Molotov Cocktails & Guns Confiscated; Support Pours in for Mi'kmaq Protesters
Support for Mi’kmaq protesters in New Brunswick spread throughout Turtle Island on Friday October 18, as events were held as far away as Vancouver and New York City, and the Sierra Club announced its solidarity with the anti-fracking demonstrators.
First Nations leaders were meeting with provincial officials on Friday afternoon as protests continued and events sprang up in support of the Elsipogtog First Nation’s anti-fracking protest, which turned violent on Thursday and resulted in 40 arrests. The band has been taking a stand against the company conducting seismic testing, which many believe is a prelude to fracking operations.
Among those arrested was Elsipogtog First Nation Chief Arren Sock, who had issued the company an eviction notice on October 1, and the band’s council. The Elsipogtog had reclaimed all unoccupied reserve lands from the federal and provincial governments on that day and gave notice to SWN Resources Canada, a subsidiary of Houston-based Southwestern Energy Co., that it needed to leave. The company is conducting seismic testing to see if there are ample reserves to warrant extraction by fracking.
The Royal Canadian Mounted Police (RCMP) raided the two-week-old Mi’kmaq encampment on Thursday morning, arresting 40 people after the protests turned violent. Molotov cocktails were reportedly fired, as well as “several shots” from within the encampment, the RCMP said in a statement on October 18. Moroever, “six RCMP vehicles were destroyed by fire, and several improvised explosive devices were discovered and defused,” the RCMP said. “These explosives contained shrapnel and had the potential to seriously injure or kill people.”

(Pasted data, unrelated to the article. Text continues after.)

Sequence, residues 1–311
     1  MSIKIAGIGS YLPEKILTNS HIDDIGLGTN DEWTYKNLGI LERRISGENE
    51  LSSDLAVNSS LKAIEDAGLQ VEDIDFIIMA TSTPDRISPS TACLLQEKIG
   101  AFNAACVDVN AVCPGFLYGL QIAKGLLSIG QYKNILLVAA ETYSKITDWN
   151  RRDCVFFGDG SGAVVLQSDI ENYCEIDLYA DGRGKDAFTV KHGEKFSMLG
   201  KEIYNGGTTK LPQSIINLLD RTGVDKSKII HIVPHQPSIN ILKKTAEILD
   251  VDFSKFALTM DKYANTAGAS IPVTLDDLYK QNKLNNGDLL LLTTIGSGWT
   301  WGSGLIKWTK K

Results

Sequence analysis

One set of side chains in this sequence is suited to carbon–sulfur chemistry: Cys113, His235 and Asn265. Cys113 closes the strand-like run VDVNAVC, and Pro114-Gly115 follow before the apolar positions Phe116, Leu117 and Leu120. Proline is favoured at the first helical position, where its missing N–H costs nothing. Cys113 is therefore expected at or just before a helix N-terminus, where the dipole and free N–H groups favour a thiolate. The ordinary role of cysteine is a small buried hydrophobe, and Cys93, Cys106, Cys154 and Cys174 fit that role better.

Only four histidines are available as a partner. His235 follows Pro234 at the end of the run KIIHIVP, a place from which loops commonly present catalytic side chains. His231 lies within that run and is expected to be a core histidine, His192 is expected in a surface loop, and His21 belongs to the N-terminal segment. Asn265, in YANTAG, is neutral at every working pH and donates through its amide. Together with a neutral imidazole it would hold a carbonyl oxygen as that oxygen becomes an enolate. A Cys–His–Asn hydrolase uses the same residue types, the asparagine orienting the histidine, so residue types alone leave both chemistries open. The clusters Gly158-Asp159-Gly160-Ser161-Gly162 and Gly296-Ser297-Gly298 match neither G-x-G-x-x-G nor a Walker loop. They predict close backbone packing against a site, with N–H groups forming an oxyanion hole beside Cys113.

Police said no serious injuries were reported.
“The weapons and explosives we seized show that this was no longer a peaceful protest and there was a serious threat to public safety. We took the action necessary to address that threat,” said New Brunswick RCMP Commanding Officer Assistant Commissioner Roger Brown in the police statement. “Police officers demonstrated incredible professionalism as they worked to resolve the situation under tremendously difficult and dangerous circumstances. Some in the crowd threw rocks and bottles at them and sprayed them with bear spray. Setting police cars on fire created a dangerous situation for everyone in the area, and it was at that point that police were forced to physically confront some in the crowd who refused to obey the law.”
Charges for the nine people who were scheduled to appear in court on October 18 included pointing a firearm, mischief, assaulting a police officer, resisting arrest, obstruction of justice and failing to abide by a court injunction, the RCMP said.
SWN Resources Canada, the company conducting the testing, will continue to do so.
Dramatic video and photos emerged of the standoff. Photos and video streamed to Twitter and Facebook throughout the day, to several hashtags. Support spread immediately throughout Turtle Island, and the Sierra Club on Friday issued a media release proclaiming solidarity.